Here’s my rough notes for what was a 15 minute speech. This is the 12″ extended mix but I’ve kept most of the ‘talkiness’ in. The slides aren’t included but hyperlinks are, because, links are better.

“Hi, my name is Seb. I’ve been working in and with museums for quite a while now and I’m here to try to convince you that, as exhibit designers, that there couldn’t be a better or more exciting time to be graduating.

When I first started working with museums and technology we were still talking about interactive kiosks, and making virtual museums. Back then I had a Nokia cellphone.

This is an exciting time. Especially an exciting time to work in museums.

We have finally all the components in place to reposition museums as truly global ‘seed banks of culture and ideas’.

Even if this is also an uncertain time and there are many troubling things afoot.

Designer Anab Jain wrote (and spoke) last year about a concept she called The New Normal. This, she wrote, was a catch-all for “[this] period of protracted super density. Dystopia and chaos all at once”. I’m a huge fan of Anab’s work and her New Normal is a useful way to describe the conflagration of economic collapse, environmental collapse, and social stress that in engulfing much of the world right now.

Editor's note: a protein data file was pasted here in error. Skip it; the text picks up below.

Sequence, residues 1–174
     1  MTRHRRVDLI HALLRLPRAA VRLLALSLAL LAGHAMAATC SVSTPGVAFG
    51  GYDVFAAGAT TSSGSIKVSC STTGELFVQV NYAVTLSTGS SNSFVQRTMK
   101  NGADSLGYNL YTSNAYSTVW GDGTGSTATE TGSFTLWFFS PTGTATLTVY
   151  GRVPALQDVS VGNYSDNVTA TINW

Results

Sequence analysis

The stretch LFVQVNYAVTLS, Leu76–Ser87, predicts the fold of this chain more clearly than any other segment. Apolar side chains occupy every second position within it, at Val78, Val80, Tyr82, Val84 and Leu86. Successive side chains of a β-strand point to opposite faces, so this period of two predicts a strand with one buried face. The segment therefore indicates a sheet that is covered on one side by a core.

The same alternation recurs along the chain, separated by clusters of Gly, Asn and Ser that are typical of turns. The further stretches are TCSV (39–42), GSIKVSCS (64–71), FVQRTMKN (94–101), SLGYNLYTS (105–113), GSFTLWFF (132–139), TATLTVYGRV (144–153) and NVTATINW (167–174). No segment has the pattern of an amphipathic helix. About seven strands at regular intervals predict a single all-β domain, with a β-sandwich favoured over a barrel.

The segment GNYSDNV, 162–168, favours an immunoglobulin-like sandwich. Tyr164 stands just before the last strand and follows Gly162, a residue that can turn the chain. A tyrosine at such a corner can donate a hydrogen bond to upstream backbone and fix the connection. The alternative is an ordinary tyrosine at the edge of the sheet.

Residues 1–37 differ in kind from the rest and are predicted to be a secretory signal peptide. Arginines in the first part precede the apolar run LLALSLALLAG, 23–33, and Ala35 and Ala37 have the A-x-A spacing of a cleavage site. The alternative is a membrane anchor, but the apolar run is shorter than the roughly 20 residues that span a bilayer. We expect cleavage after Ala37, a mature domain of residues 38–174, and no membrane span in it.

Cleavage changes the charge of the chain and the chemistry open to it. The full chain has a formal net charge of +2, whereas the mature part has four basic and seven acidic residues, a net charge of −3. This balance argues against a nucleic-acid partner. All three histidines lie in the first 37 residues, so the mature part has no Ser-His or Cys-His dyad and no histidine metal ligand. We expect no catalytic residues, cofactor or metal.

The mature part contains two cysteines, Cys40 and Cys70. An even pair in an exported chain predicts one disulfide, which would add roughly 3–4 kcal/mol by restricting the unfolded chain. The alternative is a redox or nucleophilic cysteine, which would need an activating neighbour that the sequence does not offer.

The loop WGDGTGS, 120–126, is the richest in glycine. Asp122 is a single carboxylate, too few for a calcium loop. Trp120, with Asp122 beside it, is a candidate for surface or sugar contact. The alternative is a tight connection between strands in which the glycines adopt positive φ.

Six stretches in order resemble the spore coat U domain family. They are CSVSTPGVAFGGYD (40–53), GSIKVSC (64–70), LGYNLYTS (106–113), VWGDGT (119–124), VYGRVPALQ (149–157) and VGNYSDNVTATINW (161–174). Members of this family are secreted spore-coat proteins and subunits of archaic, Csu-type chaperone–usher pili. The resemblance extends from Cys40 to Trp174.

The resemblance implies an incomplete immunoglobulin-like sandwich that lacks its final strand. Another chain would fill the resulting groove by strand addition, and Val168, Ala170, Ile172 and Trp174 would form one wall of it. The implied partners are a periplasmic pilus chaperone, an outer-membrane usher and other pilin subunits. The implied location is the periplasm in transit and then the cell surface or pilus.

It isn’t going away. The New Normal is here to stay. It is times like these that we need museums more than ever to help us make sense of the present.

Museums are changing. They desperately want to change, they really do. And I believe them. And as new graduates it is your job to help them, and to make sure they don’t embarrass themselves by telling too many dad jokes. Because they do that too. Museums are better off not trying to be cool.

Museums now explicitly compete with other venues, experiences, events and media. It is the new exhibition designers job to make sure that when you get someone’s attention that you deliver something compelling and respectful of that visitor’s choice to spend time in or with your creations.

Because the plumbing that we’ve all been waiting for is nearly complete. Museums are finally getting networked and their networks are becoming good enough for exhibit designers to make better use of them.

I note with interest that the big sports stadiums are now kitting themselves out with enough wifi network capacity to deliver individual HD streaming replays to every seat in their house.